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Financial Constraints in Investment - Foreign Versus Domestic Firms. Panel Data Results From Estonia, 1995-1999

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Author Info

  • Tomasz Mickiewicz

    ()

  • Kate Bishop

    ()

  • Urmas Varblane

    ()

Abstract

Using data from Estonian manufacturing firms during the period 1995-1999 we apply panel data techniques, in particular the Arellano-Bond (1991) method to investigate the investment behaviour. We employ the model of optimal capital accumulation in the presence of convex adjustment costs. We find that the domestic companies seem to be more financial constrained than those with the presence of foreign investors. Furthermore we find that smaller firms are more constrained than their larger counterparts.

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File URL: http://www.wdi.umich.edu/files/Publications/WorkingPapers/wp648.pdf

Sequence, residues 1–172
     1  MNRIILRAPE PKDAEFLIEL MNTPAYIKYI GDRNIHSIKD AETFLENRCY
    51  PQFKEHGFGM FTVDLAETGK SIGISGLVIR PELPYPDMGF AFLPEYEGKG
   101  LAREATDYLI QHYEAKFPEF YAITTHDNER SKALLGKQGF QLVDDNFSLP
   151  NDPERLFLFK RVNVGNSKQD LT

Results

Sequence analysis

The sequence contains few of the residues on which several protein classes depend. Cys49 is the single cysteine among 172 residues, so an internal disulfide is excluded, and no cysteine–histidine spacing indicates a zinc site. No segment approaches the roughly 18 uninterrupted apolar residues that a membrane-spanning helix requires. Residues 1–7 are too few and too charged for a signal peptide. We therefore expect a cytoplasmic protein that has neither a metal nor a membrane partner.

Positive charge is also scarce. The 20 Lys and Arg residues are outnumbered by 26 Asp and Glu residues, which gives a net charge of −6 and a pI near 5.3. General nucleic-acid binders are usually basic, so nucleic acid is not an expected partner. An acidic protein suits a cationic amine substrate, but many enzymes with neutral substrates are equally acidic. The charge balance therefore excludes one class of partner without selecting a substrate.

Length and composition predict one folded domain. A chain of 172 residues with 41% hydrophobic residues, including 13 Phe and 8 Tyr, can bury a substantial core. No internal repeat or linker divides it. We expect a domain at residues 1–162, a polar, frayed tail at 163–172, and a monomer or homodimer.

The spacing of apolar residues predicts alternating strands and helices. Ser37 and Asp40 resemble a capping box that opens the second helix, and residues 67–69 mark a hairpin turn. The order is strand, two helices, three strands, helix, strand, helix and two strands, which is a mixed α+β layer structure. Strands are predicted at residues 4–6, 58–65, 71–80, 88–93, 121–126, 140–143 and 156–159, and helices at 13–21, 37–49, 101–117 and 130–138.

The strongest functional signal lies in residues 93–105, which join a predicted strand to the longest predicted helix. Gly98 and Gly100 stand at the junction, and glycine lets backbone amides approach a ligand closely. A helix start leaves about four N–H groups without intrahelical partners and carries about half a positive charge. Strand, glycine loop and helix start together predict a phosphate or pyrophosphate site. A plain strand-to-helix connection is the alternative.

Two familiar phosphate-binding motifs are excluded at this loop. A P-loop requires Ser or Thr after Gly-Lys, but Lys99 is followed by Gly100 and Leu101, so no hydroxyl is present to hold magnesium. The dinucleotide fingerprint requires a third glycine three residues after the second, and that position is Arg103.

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Bibliographic Info

Paper provided by William Davidson Institute at the University of Michigan in its series William Davidson Institute Working Papers Series with number 2004-648.

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Length: 34 pages
Date of creation: 01 Feb 2004
Date of revision:
Handle: RePEc:wdi:papers:2004-648

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Keywords: Investment; Cash Flow; Foreign Ownership; Firm Size; Estonia;

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References

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Cited by:
  1. Mykhayliv, Dariya & Zauner, Klaus G., 2013. "Investment behavior and ownership structures in Ukraine: Soft budget constraints, government ownership and private benefits of control," Journal of Comparative Economics, Elsevier, vol. 41(1), pages 265-278.
  2. Jaan Masso & Jaanika Meriküll & Priit Vahter, 2011. "Gross Profit Taxation Versus Distributed Profit Taxation And Firm Performance: Effects Of Estonia’S Corporate Income Tax Reform," University of Tartu - Faculty of Economics and Business Administration Working Paper Series 81, Faculty of Economics and Business Administration, University of Tartu (Estonia).
  3. Spiros Bougheas & Paul Mizen & Simone Silva, . "The open economy balance sheet channel and the exporting decisions of firms: Evidence from the Brazilian crisis of 1999," Discussion Papers 11/15, University of Nottingham, Centre for Finance, Credit and Macroeconomics (CFCM).

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